Saudi Aramco’s 2020 Profits Drop by 44% to $49bn

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By Emmanuel Addeh with agency report

Saudi Arabia’s state-backed oil giant Aramco announced Sunday that its profits nearly halved in 2020 to $49 billion, a big drop that came as the coronavirus pandemic roiled global energy markets.

The Saudi Arabian oil company released its annual financial results a year after the pandemic sent the price of oil crashing to all-time low as people stopped moving around the world to stem the spread of the virus.

In recent weeks, however, the price has edged up as movement restrictions ease, commerce increases and more people get vaccinated against COVID-19. Still, analysts caution that a peak in demand may still be far off.

The Associated Press reported that despite the 44 per cent drop in net income, Aramco said it would stick to its promise of paying quarterly dividends of $18.75 billion — $75 billion a year — due to commitments the company made to shareholders in the run-up to its initial public offering.

Nearly all of the dividend money goes to the Saudi government, which owns more than 98 per cent of the company.
Aramco’s policy to pay dividends significantly higher than its 2020 free cash flow of $49 billion stands in sharp contrast to other oil giants that have cut payouts.

Seeking a cash infusion to pay the billions of dollars in the face of dwindling revenue, Aramco recently issued bonds.

The public figures, obligatory ever since the mostly state-owned company listed a sliver of its worth on Riyadh’s Tadawul stock exchange in 2019, offer valuable insight into the health of the region’s largest economy.

Despite Saudi Crown Prince Mohammed bin Salman’s efforts to diversify the economy away from oil, the kingdom remains heavily dependent on oil exports to fuel government spending.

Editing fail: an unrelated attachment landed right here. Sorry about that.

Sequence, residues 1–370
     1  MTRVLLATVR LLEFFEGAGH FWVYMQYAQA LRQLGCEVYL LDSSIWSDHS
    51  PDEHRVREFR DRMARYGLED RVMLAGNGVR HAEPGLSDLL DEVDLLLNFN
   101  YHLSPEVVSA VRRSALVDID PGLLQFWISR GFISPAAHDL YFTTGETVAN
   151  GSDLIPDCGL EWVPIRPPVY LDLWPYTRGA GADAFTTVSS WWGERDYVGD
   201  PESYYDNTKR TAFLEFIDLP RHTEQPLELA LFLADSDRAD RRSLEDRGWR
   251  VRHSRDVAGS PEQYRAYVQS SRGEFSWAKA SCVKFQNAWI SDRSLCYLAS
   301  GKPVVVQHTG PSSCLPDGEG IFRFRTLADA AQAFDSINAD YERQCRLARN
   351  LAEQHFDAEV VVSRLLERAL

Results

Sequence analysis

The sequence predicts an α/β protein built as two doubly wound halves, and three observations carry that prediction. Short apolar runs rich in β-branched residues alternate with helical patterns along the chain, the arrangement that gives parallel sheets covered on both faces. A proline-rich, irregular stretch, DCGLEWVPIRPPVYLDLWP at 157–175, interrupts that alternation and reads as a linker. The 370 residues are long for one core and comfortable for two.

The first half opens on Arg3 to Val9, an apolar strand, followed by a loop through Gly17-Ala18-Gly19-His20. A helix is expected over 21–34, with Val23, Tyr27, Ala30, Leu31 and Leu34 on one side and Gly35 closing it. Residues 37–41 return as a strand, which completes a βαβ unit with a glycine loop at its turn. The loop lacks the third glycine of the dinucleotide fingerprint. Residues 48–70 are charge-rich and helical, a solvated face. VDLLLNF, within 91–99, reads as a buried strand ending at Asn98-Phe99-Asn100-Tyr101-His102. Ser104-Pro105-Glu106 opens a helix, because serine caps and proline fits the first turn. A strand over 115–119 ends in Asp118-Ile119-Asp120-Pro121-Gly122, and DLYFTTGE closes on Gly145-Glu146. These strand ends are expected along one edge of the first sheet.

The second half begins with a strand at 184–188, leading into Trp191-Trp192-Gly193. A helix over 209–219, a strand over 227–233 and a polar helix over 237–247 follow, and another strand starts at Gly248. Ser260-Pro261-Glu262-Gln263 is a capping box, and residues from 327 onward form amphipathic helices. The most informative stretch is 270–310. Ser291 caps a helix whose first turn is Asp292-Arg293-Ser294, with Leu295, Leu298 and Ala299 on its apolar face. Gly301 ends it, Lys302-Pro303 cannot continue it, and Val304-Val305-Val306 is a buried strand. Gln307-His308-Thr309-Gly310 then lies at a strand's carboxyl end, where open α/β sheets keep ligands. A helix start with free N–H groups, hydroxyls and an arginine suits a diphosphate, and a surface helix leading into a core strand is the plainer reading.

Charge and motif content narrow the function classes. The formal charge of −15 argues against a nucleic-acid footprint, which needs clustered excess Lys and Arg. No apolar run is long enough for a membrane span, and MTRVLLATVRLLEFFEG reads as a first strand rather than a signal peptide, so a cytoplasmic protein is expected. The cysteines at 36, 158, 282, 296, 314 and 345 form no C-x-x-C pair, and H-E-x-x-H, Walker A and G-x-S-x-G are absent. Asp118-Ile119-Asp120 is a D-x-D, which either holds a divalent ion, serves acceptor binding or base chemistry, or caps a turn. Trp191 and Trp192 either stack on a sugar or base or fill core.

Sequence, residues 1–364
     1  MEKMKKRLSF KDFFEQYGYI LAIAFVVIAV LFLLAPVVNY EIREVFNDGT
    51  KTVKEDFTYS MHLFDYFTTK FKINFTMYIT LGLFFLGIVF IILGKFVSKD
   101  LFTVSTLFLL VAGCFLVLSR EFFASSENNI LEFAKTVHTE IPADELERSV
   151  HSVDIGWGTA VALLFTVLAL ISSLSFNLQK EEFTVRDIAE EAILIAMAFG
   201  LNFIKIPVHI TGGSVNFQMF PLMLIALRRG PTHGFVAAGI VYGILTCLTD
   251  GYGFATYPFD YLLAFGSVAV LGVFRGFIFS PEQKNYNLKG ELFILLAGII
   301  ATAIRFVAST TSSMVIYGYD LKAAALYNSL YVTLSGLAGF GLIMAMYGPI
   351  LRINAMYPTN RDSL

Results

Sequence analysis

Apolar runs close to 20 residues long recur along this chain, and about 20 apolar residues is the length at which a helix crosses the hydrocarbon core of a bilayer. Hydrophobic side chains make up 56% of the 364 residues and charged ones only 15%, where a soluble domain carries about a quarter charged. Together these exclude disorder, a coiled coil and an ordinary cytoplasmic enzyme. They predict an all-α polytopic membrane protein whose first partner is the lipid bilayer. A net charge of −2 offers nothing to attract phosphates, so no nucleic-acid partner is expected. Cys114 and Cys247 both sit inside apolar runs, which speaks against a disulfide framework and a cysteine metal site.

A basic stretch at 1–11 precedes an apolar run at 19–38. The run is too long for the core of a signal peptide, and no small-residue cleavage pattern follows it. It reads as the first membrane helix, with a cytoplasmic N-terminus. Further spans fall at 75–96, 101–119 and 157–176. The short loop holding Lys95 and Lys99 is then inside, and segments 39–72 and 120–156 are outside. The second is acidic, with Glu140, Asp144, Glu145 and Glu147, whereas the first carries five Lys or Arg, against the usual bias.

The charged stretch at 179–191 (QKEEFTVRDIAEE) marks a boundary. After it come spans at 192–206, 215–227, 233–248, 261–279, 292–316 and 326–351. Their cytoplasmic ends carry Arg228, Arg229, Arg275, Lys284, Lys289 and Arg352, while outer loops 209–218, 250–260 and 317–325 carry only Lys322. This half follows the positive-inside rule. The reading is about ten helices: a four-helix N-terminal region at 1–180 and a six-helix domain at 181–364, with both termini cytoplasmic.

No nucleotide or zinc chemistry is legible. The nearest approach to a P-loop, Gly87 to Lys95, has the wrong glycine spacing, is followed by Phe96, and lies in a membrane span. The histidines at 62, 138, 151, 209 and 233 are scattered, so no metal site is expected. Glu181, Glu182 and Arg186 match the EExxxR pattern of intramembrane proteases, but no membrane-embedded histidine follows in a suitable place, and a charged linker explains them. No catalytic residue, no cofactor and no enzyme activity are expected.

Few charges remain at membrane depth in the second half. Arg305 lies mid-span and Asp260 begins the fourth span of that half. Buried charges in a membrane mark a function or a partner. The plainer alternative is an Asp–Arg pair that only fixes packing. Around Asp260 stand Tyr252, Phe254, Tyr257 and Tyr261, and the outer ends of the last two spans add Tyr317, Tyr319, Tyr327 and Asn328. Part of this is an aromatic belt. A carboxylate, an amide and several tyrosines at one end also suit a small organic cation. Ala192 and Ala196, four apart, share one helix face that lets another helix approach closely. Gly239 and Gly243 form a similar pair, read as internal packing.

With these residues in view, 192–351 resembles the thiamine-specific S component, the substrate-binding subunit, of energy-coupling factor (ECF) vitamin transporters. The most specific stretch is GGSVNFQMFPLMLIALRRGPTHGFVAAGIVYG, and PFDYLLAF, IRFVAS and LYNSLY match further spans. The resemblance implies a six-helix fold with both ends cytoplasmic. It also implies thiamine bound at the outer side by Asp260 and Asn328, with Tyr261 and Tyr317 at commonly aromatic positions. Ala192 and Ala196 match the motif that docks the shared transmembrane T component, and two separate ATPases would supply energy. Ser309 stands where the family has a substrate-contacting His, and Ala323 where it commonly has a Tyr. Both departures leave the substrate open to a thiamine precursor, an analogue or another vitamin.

Although Saudi Aramco’s profit of $49 billion in 2020 is down from $88.2 billion in 2019 and $111.1 billion in 2018, still the oil company remains one of the world’s most valuable companies.

“In one of the most challenging years in recent history, Aramco demonstrated its unique value proposition through its considerable financial and operational agility. As a result, our financial position remained robust,” President and CEO Amin Nasser said in a statement.

The company produced the equivalent of 9.2 million barrels per day of crude oil over the course of the year, its annual results said.

Capital expenditure was down in 2020 to $27 billion compared to $32.8 billion the year before. Aramco expects to spend $35 billion this year, some $5-10 billion lower than previous estimates.

In recent months, oil prices have made a major comeback from April 2020, when the price of international benchmark Brent crude dipped below $20 a barrel. For the first time in a year, the price of Brent surpassed $60 a barrel last month and traded over $64 a barrel Sunday.
Before December of 2019, when Aramco floated 1.5 per cent of its shares on the stock exchange, the firm was owned directly by the Al Saud ruling family and didn’t need to announce results.

Initially, Aramco listed at 32 riyals ($8.53) a share, becoming the world’s most valuable listed company, with a market valuation of $1.7 trillion. Since then, however, Aramco lost its stock exchange crown to Apple as its value declined. On Sunday it traded around 35 riyals ($9.30) a share.